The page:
501 Sahagun - Cavalry Action (21 December 1808)
Sahagun (Cavalry Action) - 21 December 1808
Sir John Moore was determined to defeat Soult’s isolated French corps with his British Army before retreating from Napoleon’s much larger army entering Spain. The first step was to penetrate Soult’s cavalry screen under Debelle at Sahagun. Lord Henry Paget got the mission and set out with two regiments of Hussars in bitter winter weather, with snow and icy roads slowing the approach. At dawn the French outpost was overcome, but survivors fled back to Sahagun and raised the alarm. Debelle’s troopers had left their mounts saddled during the night, and in some confusion, they mounted and left the town. The chance to capture the French brigade by coup de main was gone, but Paget split his force and to try to sandwich Debelle’s
troopers between his 15th Hussars skirting the town and Slade’s 10th Hussars coming through it.
Debelle was trying to break contact, but Paget moved more quickly.
When Debelle saw he could not outrun Paget, he turned his two regiments to face the outnumbered 15th Hussars. Slade’s Hussar regiment was nowhere to be seen. As bombastic as he was incompetent, Slade had halted his men to deliver a lengthy harangue, and his leading troops were only entering Sahagun by the time the battle ended.
Undaunted, Paget charged at full gallop into the first line of French cavalry, a provisional chasseur regiment composed mainly of Hanoverians forced into French service. The regiment dissolved completely at first contact, with the retreating troopers throwing the reliable 8th French Dragoon Regiment behind them into disorder.
Debelle’s depleted and defeated brigade escaped across the river from Paget’s victorious but disorganized regiment. The 15th Hussars Sahagun (cavalry action) - 21 December 1808 were awarded the battle honor ‘Sahagun’ and the much reduced
provisional French chasseurs regiment was disbanded.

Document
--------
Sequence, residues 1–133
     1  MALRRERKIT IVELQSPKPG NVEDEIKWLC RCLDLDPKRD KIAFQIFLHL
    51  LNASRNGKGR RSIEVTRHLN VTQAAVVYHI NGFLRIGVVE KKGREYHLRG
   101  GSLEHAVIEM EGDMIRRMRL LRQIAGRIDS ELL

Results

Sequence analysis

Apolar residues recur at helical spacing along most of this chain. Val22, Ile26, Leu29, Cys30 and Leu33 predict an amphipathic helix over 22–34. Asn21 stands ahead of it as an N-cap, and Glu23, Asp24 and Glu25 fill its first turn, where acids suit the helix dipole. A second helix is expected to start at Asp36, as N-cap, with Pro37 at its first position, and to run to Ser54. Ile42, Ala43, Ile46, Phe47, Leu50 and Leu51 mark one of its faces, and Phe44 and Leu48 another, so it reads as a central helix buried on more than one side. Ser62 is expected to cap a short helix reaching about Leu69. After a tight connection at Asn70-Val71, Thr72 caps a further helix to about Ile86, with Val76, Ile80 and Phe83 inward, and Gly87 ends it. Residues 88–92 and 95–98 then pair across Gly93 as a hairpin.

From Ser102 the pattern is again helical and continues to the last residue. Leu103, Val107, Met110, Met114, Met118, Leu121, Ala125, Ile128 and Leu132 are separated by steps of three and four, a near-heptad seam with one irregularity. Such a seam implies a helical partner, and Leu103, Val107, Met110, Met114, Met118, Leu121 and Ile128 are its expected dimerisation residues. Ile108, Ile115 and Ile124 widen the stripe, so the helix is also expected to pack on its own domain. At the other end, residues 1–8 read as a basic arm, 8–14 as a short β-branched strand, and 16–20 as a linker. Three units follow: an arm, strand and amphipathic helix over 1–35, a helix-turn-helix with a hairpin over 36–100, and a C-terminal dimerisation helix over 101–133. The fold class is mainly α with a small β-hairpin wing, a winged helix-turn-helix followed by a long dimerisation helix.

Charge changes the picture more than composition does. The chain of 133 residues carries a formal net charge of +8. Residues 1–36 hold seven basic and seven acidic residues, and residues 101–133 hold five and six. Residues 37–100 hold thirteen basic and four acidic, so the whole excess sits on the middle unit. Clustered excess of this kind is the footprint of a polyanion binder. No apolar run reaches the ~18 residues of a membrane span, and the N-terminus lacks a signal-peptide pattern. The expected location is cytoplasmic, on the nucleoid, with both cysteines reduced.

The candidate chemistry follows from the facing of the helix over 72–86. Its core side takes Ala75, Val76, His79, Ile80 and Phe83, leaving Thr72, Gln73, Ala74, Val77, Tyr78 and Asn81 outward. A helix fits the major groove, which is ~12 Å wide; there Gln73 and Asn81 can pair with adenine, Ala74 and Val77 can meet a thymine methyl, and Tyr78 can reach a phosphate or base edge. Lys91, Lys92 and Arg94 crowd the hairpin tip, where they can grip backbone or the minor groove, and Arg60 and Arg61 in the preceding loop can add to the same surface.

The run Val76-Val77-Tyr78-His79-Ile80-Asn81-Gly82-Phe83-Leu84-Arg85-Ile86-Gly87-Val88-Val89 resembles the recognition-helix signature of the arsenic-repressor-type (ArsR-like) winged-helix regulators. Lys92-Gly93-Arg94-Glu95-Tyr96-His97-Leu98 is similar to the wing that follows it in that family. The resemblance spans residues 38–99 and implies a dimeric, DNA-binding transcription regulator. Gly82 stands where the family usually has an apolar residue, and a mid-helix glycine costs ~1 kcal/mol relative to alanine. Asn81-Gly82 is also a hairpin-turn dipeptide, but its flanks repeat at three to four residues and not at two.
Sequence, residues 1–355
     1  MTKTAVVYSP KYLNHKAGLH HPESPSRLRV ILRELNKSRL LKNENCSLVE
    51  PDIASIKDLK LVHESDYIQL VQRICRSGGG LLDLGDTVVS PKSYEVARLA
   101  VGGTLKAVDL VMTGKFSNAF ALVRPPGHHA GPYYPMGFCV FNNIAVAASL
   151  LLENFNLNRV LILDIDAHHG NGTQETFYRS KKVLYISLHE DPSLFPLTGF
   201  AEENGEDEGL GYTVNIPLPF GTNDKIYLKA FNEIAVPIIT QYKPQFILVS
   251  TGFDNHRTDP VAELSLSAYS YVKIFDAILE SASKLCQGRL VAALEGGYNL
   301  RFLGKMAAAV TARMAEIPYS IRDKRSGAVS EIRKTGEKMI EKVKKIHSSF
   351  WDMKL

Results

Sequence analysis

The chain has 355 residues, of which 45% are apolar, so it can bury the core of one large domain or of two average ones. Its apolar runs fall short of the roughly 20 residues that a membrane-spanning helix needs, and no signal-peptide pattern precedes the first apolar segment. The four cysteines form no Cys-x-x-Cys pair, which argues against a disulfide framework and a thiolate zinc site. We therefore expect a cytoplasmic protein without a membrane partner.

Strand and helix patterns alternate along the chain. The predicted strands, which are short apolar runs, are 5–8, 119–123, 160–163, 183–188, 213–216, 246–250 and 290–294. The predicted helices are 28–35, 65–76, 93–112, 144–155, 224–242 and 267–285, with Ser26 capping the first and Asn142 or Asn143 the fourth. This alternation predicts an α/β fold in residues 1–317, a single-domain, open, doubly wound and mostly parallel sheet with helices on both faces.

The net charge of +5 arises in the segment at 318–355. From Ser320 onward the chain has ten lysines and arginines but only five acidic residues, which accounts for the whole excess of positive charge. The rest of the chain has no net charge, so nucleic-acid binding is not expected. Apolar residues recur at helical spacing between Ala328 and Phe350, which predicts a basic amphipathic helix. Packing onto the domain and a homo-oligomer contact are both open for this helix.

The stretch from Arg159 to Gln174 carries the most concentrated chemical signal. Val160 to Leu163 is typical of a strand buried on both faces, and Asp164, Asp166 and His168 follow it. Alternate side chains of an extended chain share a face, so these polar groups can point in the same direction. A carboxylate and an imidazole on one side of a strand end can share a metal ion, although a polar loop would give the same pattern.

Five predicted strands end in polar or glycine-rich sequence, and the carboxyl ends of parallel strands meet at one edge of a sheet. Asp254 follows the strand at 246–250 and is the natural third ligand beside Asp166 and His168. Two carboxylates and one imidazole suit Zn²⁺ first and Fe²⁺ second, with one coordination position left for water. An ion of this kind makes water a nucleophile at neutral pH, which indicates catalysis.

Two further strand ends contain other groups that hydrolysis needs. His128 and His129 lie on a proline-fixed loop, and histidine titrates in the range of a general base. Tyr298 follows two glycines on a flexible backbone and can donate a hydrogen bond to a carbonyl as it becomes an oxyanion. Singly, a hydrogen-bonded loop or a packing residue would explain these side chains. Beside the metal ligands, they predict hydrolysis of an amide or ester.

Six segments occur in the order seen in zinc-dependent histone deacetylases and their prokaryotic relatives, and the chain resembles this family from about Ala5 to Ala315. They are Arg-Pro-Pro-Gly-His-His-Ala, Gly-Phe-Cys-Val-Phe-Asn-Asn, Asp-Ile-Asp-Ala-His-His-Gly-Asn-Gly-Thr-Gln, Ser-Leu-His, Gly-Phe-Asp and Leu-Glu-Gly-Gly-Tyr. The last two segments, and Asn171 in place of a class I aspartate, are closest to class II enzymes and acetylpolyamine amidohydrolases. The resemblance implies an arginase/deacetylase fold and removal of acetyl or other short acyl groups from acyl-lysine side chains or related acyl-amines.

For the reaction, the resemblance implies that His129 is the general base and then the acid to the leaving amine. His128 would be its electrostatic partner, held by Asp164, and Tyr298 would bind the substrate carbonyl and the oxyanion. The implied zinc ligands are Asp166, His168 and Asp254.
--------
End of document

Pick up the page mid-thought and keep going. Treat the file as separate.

The stage is set. The battle lines are drawn and you are in command. Can you change history?
• Commander: Paget
• 5 Command Cards
• 2 Tactician Cards
• Move First
• Commander: Debelle
• 4 Command Cards
• 2 Tactician Cards
• *Victory Points are gained by the number of blocks eliminated or blocks that escape from the battlefield
• *Both armies receive 1 Victory Point for each enemy block eliminated in battle.
• *The French player receives 1 Victory Point for every cavalry or leader block that exits the battlefield from the river ford hex or the bridge, along the left side of the map.
• The River Valderaduey is impassable except at the ford and bridge.
The scenario picture shows 2 french Leaders "Debelle". The Leader attached to the Heavy Cavalry is "Dud’Huit".
Moreover, the dynamic of the game certainly changes, the French can no longer rely upon harder hitting power and stronger units to use brute force to win. My previous experience was this is a 3-5 card play game, with the French cavalry smashing straight up the centre for the win. This time round the French lost 2 units, and managed to exit 3 blocks over a 50 minute game (on VASSAL) in a pretty tense match. The main problem we had was the card decks, with both the Command deck and Tactician deck turning up a lot of infantry cards that weren't much use. I'm considering a smaller deck for these scenarios, just to weed out the over powerful or narrow focus cards that sometimes can upset these scenarios.
Overall, I found the French 3 block version was certainly no worse than the original, it changed the dynamic considerably and made for a tense match which followed the historical narrative somewhat more closely.
I'm always a bit concerned about all cavalry scenarios in C&C, because the Command Cards aren't really designed for it. Maybe the Command Deck should be weeded?